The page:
Aside from the obvious meaning behind Easter, this Sunday also signifies a day full of soothing pastels, perfectly baked ham, brightly colored eggs, and a basket filled with candy for the kids.
It’s sort of like another Halloween in regards to candy, which is brought to you by the one and only, Mr. Peter Cottontail.
I’m all for regulation Easter candy. Cadbury mini’s and crème filled eggs happen to be some of my favorite seasonal treats of all time.
On the other hand, do I really need a whole basket filled with these dangerously delicious chocolates for future days to come? And do I really want to clean up a pile of rappers, along with my dignity, after I return from my short-lived vacation on a Cadbury cloud?
When it comes to choosing your kids candy, this same mindset should also apply. Of course make their Easter morning memorable and fill their baskets with the traditional treats that we all grew up loving, but also try to sneak in a few healthy snacks as well.
I mean, if the Easter Bunny brought it, then it must be good, right?
Here are some healthier options that your kids will eat without question.
Brown Rice Crispy Treats (use sunflower butter for nut allergies)
Cliff Kid Twisted Fruit Rope
Annie’s Bunny Graham Cracker or Fruit Snacks
Archer Farms Fruit Bars
Glee All Natural Gum
Nut Free Sunflower Butter Cups
Whole Wheat Pretzels or Pirate Booty snack bags
You can also do what my parents did, and give a gift that your kids can use instead.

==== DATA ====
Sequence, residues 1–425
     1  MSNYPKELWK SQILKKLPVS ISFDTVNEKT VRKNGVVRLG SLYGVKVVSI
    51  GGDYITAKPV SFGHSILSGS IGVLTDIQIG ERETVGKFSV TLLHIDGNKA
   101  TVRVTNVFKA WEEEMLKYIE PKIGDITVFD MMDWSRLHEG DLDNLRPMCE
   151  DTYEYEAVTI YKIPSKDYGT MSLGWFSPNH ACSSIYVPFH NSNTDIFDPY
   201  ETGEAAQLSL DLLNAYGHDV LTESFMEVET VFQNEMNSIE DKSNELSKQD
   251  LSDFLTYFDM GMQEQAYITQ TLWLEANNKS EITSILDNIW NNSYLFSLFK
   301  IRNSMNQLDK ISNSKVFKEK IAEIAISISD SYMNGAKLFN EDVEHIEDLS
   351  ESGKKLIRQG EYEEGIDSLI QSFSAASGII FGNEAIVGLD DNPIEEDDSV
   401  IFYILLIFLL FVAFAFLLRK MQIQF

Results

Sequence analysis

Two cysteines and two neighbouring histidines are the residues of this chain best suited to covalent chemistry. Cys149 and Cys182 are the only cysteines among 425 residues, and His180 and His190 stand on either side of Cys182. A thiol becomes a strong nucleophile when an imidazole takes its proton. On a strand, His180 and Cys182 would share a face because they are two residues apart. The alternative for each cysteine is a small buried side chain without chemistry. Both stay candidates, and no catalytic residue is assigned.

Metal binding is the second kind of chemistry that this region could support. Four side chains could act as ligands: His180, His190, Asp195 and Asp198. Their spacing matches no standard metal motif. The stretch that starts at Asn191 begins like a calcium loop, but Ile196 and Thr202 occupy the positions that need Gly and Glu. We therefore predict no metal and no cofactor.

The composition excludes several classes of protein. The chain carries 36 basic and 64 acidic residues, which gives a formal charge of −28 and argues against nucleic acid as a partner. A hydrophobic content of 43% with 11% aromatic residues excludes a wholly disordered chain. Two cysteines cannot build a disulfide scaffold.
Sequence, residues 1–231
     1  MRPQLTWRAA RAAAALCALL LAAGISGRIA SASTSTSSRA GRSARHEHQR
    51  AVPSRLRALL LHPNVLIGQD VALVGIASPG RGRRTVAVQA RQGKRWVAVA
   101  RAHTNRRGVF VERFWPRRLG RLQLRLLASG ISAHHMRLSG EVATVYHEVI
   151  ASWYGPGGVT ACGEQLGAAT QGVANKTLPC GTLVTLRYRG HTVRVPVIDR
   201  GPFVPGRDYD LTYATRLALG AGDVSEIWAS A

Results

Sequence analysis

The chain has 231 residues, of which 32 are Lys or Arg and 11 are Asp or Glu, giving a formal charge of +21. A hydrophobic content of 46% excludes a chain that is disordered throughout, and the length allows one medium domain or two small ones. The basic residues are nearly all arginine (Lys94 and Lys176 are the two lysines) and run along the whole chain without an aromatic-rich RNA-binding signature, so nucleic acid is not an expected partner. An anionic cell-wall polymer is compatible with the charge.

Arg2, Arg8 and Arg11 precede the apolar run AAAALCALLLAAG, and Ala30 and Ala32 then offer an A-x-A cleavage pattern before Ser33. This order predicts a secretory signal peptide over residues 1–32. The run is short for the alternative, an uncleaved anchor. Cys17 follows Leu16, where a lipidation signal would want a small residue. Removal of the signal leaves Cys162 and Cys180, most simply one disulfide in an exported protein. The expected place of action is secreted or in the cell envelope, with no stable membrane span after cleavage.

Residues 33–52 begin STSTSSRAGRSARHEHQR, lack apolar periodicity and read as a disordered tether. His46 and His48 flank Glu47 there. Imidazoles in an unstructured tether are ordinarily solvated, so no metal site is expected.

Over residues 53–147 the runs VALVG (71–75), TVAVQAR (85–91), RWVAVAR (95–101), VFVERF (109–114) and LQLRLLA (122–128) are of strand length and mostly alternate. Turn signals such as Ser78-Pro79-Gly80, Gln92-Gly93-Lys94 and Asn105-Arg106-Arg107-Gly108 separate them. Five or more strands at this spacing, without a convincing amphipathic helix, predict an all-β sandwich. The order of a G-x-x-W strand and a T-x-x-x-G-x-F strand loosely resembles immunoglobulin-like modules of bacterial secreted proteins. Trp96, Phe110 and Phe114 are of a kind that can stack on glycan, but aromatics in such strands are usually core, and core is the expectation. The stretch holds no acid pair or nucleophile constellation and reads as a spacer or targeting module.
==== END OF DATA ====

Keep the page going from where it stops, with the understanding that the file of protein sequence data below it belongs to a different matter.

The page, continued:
Crayons and sidewalk chalk, a baseball and bat, roller skates, a new jump rope, or a few new books to read are all great examples. No video games, computer stuff, and things that will keep them cooped up in the house.
They need to be outside, having fun and being a kid.
You can join in on the fun as well.
A healthy lifestyle should be a family affair. Set a good example, introduce better snack alternatives, and schedule at least an hour a day of activity that you can all do together.
Be proud to say; “Do as I say, and what I do”
And in case you haven’t heard,
According to current research by New York University School of Medicine, the obesity epidemic in America may actually be worse than we thought.
“Body mass index–a rough estimate of body fat using a person’s height and weight–may be missing nearly 40 percent of obesity cases.
These so-called “false negatives” are caused because BMI simply estimates body fat and does not directly measure it. People who have lost a lot of muscle mass–often older women–may be classified as “overweight” by BMI, when they are actually obese, says Eric Braverman, one of the authors of the study.”
“BMI is the least accurate test in medicine,” he says. “It’s been around since 1832 and hasn’t changed. People are being told their BMI is [a healthy] 24, when their body fat is actually at 34 percent, which is obese.”
“The number of missed diagnoses jumped to nearly 50 percent in women, who often begin losing muscle mass as they age.”
“Patients are being misinformed that they are fit and thin, and then they bump into heart attacks and diabetes as they age,” Braverman says. “If they were told the truth when they were young, they could do something about it.”
All the more reason to fill those baskets with natural treats and gifts that aid in a healthy future.